First Case by J. Seward Johnson Jr.

First Case by J. Seward Johnson Jr.

First Case by J. Seward Johnson Jr. is a public sculpture located on the steps of an office building at 50 Main St. in downtown White Plains, a small city just north of NYC. Created out of bronze, it depicts a lawyer with furrowed brow examining his papers in last-minute preparation for a court case.

I came across the sculpture of my first-ever trip to White Plains [indeed, my first-ever foray into Westchester County at all]. I didn’t know what to expect, but the downtown seems sleepy and is filled mostly with generic architecture, so finding this example of public art was like a breath of fresh air in an otherwise desolate, uninspiring urban environment.

First Case by J. Seward Johnson Jr.

I love the tape recorder!

First Case by J. Seward Johnson Jr.

First Case by J. Seward Johnson Jr.

First Case by J. Seward Johnson Jr.

J. Seward Johnson Jr. is the grandson of Robert Wood Johnson I, co-founder of Johnson & Johnson. He started his career as a painter but then turned to life-size bronze trompe l’oeil sculpture, often depicting ordinary people in mundane situations.

A recent public art work of his is Forever Marilyn in Chicago, featuring Marilyn Monroe’s iconic pose over a subway grate in the film The Seven Year Itch. Aside from the fact that such a sculpture belongs in NYC [if anywhere], it has been used for inappropriate photo ops by tourists and is generally regarded as kitsch. By contrast, First Case enlivens an otherwise dull landscape in a way that I can definitely appreciate.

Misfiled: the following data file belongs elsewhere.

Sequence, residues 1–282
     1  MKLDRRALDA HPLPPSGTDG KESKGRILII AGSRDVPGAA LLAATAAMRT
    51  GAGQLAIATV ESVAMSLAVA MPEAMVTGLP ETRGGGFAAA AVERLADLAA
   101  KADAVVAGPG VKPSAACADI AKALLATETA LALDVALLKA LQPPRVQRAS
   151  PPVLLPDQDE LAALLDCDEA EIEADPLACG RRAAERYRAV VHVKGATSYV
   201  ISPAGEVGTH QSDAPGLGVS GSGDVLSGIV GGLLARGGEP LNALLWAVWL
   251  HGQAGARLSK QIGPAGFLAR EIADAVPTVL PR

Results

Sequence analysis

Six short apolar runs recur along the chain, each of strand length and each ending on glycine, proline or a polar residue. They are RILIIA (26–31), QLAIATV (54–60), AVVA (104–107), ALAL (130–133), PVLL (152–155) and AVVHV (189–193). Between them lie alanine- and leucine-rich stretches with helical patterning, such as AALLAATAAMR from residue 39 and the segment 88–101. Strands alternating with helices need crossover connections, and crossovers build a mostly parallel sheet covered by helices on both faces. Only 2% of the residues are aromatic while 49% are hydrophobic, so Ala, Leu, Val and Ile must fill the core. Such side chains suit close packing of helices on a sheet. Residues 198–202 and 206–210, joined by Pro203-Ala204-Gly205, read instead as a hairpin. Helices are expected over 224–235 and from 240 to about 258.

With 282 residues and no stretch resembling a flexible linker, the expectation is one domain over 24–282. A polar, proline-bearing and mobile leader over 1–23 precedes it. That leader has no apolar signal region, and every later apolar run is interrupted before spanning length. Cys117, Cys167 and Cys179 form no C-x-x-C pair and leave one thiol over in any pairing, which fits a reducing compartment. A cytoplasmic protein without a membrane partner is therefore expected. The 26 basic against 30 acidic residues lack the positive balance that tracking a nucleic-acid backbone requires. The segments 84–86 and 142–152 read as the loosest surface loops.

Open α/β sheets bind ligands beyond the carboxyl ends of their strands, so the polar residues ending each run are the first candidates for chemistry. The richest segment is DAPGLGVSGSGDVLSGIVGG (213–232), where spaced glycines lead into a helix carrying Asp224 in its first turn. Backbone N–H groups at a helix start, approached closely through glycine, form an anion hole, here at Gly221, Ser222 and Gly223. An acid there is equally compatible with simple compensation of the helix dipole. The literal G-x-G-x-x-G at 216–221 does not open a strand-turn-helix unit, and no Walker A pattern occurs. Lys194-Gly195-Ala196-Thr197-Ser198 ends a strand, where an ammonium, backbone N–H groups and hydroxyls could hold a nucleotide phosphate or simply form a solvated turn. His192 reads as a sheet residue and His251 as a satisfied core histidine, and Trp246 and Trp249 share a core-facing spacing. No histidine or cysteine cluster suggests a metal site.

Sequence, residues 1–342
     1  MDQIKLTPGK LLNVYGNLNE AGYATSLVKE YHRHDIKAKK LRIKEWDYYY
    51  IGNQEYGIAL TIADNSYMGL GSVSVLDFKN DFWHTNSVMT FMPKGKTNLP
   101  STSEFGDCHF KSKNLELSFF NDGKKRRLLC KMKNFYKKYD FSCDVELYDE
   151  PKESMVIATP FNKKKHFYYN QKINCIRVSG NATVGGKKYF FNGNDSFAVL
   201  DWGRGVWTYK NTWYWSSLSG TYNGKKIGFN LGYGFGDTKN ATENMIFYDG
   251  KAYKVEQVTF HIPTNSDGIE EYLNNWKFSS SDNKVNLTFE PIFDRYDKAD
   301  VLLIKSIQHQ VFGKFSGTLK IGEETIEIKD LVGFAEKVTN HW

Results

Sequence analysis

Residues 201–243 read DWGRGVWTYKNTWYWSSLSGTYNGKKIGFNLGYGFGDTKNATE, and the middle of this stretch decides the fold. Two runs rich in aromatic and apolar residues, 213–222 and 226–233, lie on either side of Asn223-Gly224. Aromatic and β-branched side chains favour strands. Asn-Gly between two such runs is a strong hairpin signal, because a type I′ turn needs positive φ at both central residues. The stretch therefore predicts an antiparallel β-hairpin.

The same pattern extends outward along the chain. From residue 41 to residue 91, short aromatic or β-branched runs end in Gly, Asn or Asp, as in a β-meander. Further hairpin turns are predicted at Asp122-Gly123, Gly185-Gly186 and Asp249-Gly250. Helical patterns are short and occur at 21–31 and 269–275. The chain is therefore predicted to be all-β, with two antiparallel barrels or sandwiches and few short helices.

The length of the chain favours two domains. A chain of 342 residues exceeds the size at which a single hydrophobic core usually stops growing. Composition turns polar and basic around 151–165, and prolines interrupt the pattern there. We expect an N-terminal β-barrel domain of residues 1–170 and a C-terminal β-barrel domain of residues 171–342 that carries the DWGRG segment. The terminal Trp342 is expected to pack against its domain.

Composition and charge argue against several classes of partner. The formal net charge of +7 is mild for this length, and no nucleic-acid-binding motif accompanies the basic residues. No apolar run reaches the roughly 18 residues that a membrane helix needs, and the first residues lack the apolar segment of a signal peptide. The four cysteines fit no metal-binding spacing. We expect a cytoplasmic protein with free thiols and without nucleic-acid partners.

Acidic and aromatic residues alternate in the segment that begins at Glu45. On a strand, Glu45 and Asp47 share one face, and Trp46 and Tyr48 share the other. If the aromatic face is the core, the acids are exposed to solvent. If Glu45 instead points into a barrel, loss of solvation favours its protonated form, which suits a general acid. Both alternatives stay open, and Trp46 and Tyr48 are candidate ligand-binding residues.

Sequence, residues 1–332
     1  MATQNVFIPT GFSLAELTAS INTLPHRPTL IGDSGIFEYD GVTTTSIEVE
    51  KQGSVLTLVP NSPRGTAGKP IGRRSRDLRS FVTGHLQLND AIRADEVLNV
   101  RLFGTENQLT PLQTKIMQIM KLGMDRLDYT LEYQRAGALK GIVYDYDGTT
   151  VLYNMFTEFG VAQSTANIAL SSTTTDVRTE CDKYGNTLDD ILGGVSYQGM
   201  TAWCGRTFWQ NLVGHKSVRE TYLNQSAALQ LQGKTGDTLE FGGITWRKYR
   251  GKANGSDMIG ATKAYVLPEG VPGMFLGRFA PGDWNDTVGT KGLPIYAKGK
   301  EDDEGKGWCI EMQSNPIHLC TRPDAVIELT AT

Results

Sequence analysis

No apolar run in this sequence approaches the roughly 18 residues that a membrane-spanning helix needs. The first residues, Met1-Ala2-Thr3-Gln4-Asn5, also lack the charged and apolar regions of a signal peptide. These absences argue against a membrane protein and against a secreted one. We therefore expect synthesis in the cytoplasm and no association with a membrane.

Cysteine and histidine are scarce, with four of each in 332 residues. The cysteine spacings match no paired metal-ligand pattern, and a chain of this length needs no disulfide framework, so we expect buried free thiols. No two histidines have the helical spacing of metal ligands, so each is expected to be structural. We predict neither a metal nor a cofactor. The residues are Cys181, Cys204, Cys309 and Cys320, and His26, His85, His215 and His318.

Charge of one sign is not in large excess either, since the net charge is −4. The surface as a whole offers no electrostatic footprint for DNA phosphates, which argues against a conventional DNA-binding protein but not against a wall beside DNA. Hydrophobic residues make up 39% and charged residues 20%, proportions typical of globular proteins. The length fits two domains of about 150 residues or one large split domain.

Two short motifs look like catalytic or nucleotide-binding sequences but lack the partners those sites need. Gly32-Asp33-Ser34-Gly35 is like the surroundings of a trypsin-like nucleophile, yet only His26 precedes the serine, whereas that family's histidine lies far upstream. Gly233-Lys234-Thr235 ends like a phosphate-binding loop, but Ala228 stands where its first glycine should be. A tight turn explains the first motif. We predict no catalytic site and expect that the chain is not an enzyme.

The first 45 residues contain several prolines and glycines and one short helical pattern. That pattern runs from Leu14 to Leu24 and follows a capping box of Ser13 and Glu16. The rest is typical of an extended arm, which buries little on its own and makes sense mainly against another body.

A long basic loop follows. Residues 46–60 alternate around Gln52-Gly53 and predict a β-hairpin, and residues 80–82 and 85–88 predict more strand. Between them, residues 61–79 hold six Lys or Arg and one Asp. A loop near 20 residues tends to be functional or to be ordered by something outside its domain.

3 thoughts on “First Case by J. Seward Johnson Jr.

  1. …Were you in White Plains for 10 minutes? There is nothing desolate or sleepy about it. It’s the county seat of Westchester and has over 40,000 commuters during the day. Its downtown area is developing faster than any other suburb of New York City, and it offers some of the best schools, arts performances and food outside of Manhattan. There are sculptures all over the city in almost every park and on every corner in the downtown area…it seems like someone jumped right off the Bronx River Parkway, didn’t bother to stray more than half a mile from the high rise building complex there, took this picture and then made up the rest of the fill-in-the-blanks in this article. This is one of the best known and most clever of the sculptures in White Plains, but certainly not the only “breath of fresh” air in what you are calling an “urban” setting, the majority of which is actually mid- to upper-class owned .25 to 2 acre parcels of suburban property. Do your research.

  2. Alison, thanks so much for chiming in with all the details. Earlier this Spring, I spent a Friday in White Plains, split between downtown and the SUNY Purchase campus. It was a beautiful day, but unfortunately both places struck me as desolate and uninspiring. I was surprised that, even at lunchtime, there weren’t more people out and about downtown.

    This post isn’t really about White Plains; it’s just a record of an interesting public sculpture I encountered there. My intention was not to condemn the city, although I did not to enjoy my brief visit. I simply photograph and write about visual inspiration as I come across it, and this sculpture was certainly a nice find.

  3. Pingback: Man on the Street Series by J. Seward Johnson Jr. | Visualingual

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